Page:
She continues: “It made me feel like everyone thought I was not committed to my job, or I was not working as hard as everyone else. And they didn’t know that I had an arrangement, and I also had taken a reduction in pay to be able to have that arrangement. So after that first year, I was like, ‘I’m not really sure if this is working.’ ”

Things did wind up working out after a new managing partner came on board who was more amenable to flexible schedules, which demonstrates how important it is to have leaders who are willing to try something different.

It’s something Jessica DeGroot knows well. She’s the president of ThirdPath Institute, a nonprofit out of Philadelphia that’s worked closely with business leaders and others for 16 years—and a group that Hickox is part of. ThirdPath’s mission is not only to help families better share work and home responsibilities but to help make the American workplace better. DeGroot has seen some big shifts, good and bad, since ThirdPath started.

“We still are at the early adaptive stage, so as much as this future world is possible, right now, today, it’s hard to do this alone,” she says.

When it comes to Hickox, DeGroot says her success was not just about flexible leaders.

“I think it still took a lot of courage on Michelle’s part to really be the one to kind of step up and say, ‘This is something I’d like,’ ” she says. “So yes, absolutely the leaders had to kind of match her in her courageousness and try something out with her. But what we can also hear is that she had to keep on pushing. It wasn’t easy to begin with. And there was some criteria to keep it under the radar, and she says, ‘Nope, gotta make this more transparent.’ ”

Hickox’s schedule didn’t prevent her from rising up the corporate ladder—she was able to become a partner at her firm and maintain her flex schedule for a decade. In addition to flexible leaders, she credits her supportive husband and a team of open-minded colleagues who backed her unique schedule.

“I was able to delegate to my team,” she says. “I had a couple people that worked for me over the years that, and because of that delegation, and getting them in front of the clients and making sure that if the clients knew that I was not there that they were available, really helped them to grow, and get promoted from manager to senior manager. So it benefited them as well as me, because they were able to grow more in their responsibilities.”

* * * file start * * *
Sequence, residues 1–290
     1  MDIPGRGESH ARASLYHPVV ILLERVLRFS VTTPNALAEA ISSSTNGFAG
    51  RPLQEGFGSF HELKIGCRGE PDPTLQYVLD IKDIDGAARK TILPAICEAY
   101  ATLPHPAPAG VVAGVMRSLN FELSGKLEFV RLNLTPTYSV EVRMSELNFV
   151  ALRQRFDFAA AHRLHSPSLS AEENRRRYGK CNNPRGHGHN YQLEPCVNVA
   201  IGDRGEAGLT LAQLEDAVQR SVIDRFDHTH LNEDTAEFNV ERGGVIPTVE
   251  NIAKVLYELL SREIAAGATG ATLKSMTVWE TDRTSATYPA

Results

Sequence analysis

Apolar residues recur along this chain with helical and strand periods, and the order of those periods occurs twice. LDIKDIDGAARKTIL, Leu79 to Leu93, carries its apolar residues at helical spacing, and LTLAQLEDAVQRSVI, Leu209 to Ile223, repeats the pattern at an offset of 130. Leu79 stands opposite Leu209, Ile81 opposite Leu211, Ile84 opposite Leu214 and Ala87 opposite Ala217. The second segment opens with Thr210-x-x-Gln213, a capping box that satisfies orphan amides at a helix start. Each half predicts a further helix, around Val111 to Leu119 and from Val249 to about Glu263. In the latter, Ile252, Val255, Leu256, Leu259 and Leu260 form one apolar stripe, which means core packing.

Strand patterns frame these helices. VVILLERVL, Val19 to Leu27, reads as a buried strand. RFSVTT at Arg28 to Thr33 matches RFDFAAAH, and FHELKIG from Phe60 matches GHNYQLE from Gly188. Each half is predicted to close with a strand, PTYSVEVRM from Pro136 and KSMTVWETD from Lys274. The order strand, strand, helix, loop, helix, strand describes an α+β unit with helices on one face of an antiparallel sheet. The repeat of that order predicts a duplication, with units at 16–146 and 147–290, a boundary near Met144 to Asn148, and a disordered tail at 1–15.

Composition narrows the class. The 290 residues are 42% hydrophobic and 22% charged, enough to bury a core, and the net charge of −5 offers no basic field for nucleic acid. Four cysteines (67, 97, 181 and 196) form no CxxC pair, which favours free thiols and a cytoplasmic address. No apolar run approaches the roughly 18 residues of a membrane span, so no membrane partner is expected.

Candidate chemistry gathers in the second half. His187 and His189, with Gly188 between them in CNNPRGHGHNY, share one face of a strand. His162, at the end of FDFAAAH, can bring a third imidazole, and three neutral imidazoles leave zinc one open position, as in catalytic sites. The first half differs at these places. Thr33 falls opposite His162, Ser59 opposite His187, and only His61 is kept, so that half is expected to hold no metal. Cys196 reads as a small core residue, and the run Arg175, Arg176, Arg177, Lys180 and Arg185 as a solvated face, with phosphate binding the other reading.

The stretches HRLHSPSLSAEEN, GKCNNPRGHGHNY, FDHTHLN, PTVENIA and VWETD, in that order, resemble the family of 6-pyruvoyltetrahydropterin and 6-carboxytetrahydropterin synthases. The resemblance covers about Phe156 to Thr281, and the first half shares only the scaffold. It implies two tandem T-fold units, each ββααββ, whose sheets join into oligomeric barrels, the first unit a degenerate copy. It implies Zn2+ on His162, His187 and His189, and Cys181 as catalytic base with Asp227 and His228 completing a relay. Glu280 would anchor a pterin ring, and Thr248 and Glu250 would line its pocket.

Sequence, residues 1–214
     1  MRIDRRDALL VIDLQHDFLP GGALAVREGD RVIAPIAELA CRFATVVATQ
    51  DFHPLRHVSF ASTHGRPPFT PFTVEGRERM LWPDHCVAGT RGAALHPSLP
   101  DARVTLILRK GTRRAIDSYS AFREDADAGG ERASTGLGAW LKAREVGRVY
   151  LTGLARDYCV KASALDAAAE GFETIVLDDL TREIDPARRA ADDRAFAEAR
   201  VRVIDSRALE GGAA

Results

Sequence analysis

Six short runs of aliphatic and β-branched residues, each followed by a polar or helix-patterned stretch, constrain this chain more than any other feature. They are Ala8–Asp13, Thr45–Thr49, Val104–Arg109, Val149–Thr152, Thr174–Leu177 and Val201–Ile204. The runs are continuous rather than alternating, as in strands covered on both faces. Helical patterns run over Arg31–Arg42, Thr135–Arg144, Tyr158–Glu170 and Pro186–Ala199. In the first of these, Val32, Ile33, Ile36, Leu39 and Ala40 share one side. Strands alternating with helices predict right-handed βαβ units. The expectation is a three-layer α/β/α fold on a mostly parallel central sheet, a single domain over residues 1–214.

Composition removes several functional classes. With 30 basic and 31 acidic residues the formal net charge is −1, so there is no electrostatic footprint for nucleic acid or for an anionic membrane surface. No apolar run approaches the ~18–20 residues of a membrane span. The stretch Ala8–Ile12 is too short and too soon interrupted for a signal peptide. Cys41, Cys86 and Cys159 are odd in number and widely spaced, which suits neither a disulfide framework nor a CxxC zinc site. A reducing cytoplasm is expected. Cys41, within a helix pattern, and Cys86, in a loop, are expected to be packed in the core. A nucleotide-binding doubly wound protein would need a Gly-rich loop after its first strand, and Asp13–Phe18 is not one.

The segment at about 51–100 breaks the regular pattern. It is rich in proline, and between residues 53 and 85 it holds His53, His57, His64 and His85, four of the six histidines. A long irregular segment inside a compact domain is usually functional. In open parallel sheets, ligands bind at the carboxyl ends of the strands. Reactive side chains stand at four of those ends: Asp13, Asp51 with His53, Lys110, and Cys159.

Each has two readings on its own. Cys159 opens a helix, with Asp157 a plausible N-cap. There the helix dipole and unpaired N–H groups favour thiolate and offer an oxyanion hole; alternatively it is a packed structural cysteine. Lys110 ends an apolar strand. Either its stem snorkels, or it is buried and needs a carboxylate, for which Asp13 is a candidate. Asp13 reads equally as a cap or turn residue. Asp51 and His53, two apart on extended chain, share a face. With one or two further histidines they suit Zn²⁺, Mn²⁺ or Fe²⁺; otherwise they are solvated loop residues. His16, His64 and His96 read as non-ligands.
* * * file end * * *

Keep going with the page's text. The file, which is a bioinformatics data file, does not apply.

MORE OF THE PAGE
Over the years, Hickox has learned a number of lessons from her push to find work-life balance.

“The advice I would give is that you can’t just try it and then give up on it really quickly,” she says. “If one thing doesn’t work, you have to try, try again, and be willing to be flexible and to see if you can do a couple of things to try to make it work. Because I think had I given up that first year—I really could’ve given up easily.”

Now that she’s in a leadership position, Hickox is working to institute work-life balance policies for her own employees.

“Two of the women that report to me have young children,” she says. “I’ve worked really hard to bring the skills I’ve learned, not just for me but for the people that work under me, because I feel like you can attract and retain really great people if you’re willing to provide benefits like that.”

She continues: “My financial reporting manager, she has an 8-month-old and an almost 3-year-old, and so I’ve worked with her to get her technology. She can work from home if she needs to. We actually have a branch that’s about five minutes from her house, so we’ve set her up in an office there.”

Hickox was also able to roll out a parental leave program at the firm she works at now. She says speaking up, and asking for things that some may be too afraid to ask for, can help us all work differently, something that DeGroot agrees with.

“Clearly Michelle’s [career] trajectory proves that,” she says. “But not only did Michelle have success at work, she modeled something. Not just herself, but her husband modeled something to their children, and their children watched them every single day, and they learned something different. They learned they don’t have to have a life where work requires all of you. But, instead, they saw the value of living a life where work is something that you do, and you do excellently, but you also have time to invest in your family and your relationship with your partner.

“I’m not talking crazy ideas here—this is what’s possible for everybody. We can do this,” she adds.